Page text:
The list goes on but my main gripe is lack of control of the circuits operaing parameters.

Jam

P.S. Harry feel free to chime in at any time.....
  Reply With Quote
Old 23rd May 2002, 08:08 PM   #6
JoeBob is offline JoeBob  Canada
diyAudio Member
 
JoeBob's Avatar
 
Join Date: Nov 2001
Location: Montreal, Canada
Well, if you like them, good for you. I don't mind th sound of opamps, some designs with them sound really good. But they just aren't any fun. Like harry said picking a feedback resistor isn't any fun. Also with discrete designs you can change whatever you want and see how it affects the sound. With opamps you can't change anything, so you can't improve upon it in any way.
  Reply With Quote
Old 23rd May 2002, 08:18 PM   #7
Banned
 
Join Date: Feb 2002
Location: Dallas,Texas
Unhappy Engineers......

Man I have had these discussions over and over and over again.
Like I said if op-amps float your boat, go for it. I you want to do the work and go listen and build some discreet transistor circuits there are plenty links and references on the forum. I am a degreed BSEE and I don't get bogged down in the objective verses sujective debates anymore. After a few years of building and comparing different circuits you will form your own opinions and come by them honestly and the hard way which is the best way to learn. Check out the Borbely website since he is both a very technically astute engineer and also designs by listening. Psssst....... don't tell anyone but the two approaches are not mutually exclusive. Good audio designs are made to be listened to, not measured. The ear is the final arbitor......

http://www.borbelyaudio.com/

H.H.
  Reply With Quote
Old 24th May 2002, 02:40 AM   #8
diyAudio Member
 
Join Date: May 2001
In addition to all the points mentioned, maybe the bottom line is that IC op-amps are designed to be multi-application by design. Regardless of what it is, generally speaking, something that is designed to do multiple things, rarely does one thing especially well. Without getting too technical about the IC’s design, it basically means that the IC may have extra stages and components on the substrate that are superfluous to our needs. Many feel these “extras” detract from the ultimate possible performance.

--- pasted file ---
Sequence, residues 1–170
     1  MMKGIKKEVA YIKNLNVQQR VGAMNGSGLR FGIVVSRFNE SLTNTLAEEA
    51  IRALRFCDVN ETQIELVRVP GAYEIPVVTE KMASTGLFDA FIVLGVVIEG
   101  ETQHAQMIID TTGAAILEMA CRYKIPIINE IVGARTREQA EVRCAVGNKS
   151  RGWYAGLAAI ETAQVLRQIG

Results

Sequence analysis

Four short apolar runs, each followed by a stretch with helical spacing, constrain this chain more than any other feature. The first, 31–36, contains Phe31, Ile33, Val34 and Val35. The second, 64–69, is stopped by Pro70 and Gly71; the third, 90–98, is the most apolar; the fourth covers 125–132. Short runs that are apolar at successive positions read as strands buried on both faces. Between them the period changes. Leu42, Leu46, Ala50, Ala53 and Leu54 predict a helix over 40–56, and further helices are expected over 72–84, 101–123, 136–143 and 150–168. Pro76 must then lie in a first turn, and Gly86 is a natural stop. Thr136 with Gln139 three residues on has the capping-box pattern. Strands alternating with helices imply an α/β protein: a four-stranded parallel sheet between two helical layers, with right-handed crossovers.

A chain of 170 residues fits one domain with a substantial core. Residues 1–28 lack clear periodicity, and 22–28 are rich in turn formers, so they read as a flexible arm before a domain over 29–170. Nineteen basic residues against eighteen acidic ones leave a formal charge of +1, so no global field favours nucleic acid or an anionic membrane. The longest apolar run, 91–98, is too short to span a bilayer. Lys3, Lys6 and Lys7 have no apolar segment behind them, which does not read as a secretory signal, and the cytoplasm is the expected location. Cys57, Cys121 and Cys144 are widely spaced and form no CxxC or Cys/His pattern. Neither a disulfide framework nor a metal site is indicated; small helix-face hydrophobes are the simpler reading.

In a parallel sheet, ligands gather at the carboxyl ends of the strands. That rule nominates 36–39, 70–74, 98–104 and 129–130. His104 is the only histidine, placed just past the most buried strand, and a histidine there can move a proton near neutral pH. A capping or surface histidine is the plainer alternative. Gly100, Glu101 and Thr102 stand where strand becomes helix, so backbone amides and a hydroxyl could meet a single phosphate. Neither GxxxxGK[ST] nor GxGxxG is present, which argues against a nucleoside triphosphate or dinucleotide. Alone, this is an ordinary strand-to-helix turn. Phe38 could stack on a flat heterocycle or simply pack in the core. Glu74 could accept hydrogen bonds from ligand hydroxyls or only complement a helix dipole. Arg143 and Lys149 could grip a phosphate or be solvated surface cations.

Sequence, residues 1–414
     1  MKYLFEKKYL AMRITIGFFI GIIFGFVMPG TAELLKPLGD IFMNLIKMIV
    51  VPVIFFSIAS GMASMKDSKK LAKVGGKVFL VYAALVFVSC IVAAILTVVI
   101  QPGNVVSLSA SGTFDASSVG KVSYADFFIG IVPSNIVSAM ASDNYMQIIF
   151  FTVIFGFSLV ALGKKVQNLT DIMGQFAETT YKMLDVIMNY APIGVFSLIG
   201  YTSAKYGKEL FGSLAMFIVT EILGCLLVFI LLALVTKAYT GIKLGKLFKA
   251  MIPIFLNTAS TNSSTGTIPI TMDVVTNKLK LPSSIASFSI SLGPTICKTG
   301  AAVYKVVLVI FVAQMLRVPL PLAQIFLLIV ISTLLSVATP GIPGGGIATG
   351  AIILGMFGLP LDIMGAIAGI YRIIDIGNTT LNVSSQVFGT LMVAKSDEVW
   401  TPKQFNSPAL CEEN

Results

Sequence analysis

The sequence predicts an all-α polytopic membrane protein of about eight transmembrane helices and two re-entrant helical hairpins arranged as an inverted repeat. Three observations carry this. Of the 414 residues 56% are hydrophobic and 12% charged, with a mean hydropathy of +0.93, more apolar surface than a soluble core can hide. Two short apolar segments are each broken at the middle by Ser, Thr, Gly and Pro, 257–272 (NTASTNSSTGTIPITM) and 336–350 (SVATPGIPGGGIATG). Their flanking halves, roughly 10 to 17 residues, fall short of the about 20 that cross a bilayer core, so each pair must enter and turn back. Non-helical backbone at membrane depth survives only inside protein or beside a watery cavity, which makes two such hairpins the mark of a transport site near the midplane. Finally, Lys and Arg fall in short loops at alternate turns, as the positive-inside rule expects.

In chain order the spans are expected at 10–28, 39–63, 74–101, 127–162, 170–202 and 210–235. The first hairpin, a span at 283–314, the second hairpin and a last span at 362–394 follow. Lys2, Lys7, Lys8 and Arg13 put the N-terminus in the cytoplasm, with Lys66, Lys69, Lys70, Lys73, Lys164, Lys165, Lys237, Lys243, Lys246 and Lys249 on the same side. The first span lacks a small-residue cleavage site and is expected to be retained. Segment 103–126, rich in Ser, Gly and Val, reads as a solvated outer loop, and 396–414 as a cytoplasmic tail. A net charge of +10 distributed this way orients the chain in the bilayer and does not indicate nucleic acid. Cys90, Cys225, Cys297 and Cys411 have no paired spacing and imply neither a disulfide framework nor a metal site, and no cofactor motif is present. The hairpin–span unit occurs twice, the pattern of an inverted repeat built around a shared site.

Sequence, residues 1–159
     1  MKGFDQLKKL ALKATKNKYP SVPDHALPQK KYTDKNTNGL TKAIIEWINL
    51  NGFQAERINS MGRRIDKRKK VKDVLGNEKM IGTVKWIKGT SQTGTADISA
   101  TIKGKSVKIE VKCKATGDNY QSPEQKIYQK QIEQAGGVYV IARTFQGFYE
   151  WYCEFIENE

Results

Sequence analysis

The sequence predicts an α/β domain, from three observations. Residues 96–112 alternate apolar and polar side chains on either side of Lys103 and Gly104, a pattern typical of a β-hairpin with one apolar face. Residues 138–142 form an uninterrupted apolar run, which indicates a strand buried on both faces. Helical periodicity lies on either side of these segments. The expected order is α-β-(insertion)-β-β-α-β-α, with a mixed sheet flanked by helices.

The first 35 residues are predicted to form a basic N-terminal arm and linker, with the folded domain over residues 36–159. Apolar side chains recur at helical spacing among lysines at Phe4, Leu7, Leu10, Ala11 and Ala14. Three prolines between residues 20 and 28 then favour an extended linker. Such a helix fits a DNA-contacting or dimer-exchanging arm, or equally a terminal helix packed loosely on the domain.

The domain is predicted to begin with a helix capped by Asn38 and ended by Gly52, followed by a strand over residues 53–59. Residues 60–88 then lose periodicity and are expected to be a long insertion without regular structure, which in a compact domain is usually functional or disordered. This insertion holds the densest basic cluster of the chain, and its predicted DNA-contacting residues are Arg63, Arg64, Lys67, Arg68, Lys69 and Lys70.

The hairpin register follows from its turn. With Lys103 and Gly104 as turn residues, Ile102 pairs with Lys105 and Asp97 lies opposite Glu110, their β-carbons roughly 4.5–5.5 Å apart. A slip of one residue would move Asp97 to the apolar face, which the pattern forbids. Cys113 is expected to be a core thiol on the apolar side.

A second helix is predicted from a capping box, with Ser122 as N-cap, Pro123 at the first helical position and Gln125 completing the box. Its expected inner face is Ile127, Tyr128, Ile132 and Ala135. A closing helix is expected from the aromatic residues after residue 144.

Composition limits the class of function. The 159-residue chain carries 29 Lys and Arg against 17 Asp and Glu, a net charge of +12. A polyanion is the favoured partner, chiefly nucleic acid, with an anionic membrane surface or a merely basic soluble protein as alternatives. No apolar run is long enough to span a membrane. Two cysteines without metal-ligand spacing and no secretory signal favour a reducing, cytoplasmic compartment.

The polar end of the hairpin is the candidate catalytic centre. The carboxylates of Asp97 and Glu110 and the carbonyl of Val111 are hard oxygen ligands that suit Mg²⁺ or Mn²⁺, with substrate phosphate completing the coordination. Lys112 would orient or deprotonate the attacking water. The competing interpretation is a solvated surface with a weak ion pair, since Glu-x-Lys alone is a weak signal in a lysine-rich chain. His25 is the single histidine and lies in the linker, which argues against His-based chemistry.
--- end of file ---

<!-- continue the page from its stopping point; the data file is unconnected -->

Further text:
Personally I’m over the “challenge” of designing, it’s just that I feel discrete components are able to do the job better for most applications in which we may otherwise use an IC op-amp.

Cheers,

Pete
  Reply With Quote
Old 24th May 2002, 05:33 AM   #9
diyAudio Member
 
Lisandro_P's Avatar
 
Join Date: Oct 2000
Location: Argentina
Send a message via ICQ to Lisandro_P
Opamps *DO NOT SUCK*... there're EXCELLENT opamps for audio, and if you use them well, they'll surely sound great. As JoeBob and Harry said, i tend to pick discrete circuits because they're more fun from the building/designing point of view. And tend to sound better, but this is only my opinion.

I want a discrete preamp for my next project (well... a preamp ) but the new preamp Rod Elliot proposed, using the burr brown chip looks yummy...
  Reply With Quote
Old 24th May 2002, 05:45 AM   #10
paulb is offline paulb  Canada
diyAudio Member
 
Join Date: Jun 2001
Location: Calgary
Quote:
Originally posted by Pete Fleming
IC op-amps are designed to be multi-application by design.
Well, no, some op amps are specifically meant to amplify audio, e.g. OPA2134.
I remember Thagard's phono preamp design article in Audio Express, where he said it was very difficult to surpass op-amp quality using discrete components. I would bet that at this level of performance, the layout is critical and probably more important than the choice of discrete vs. opamp.
Having said all that, I agree that discrete is probably more fun. But if I have a little bit of room left in my preamp box and need a quick, high-quality headphone amp for my Senns, I'll throw in an opamp.
  Reply With Quote

Reply


Hide this!Advertise here!
Thread Tools Search this Thread
Search this Thread:

Advanced Search

Posting Rules
You may not post new threads
You may not post replies
You may not post attachments
You may not edit your posts

BB code is On
Smilies are On
[IMG] code is On
HTML code is Off
Trackbacks are Off
Pingbacks are Off
Refbacks are Off


Similar Threads
Thread Thread Starter Forum Replies Last Post
FS: Opamps Charlez Swap Meet 2 17th August 2008 10:45 AM
OPamps xaudiox Swap Meet 2 31st August 2006 02:40 AM
FS: Power Chip OpAmps and other OpAmps & D to A Converter dtm1962 Swap Meet 4 12th January 2006 10:07 PM
Opamps seiko_citizen Swap Meet 7 3rd May 2005 03:09 PM
blackouts suck :( dorkus The Lounge 7 18th August 2003 08:28 PM


New To Site? Need Help?

All times are GMT. The time now is 05:14 PM.


vBulletin Optimisation provided by vB Optimise (Pro) - vBulletin Mods & Addons Copyright © 2014 DragonByte Technologies Ltd.
Copyright ©1999-2014 diyAudio

Content Relevant URLs by vBSEO 3.3.2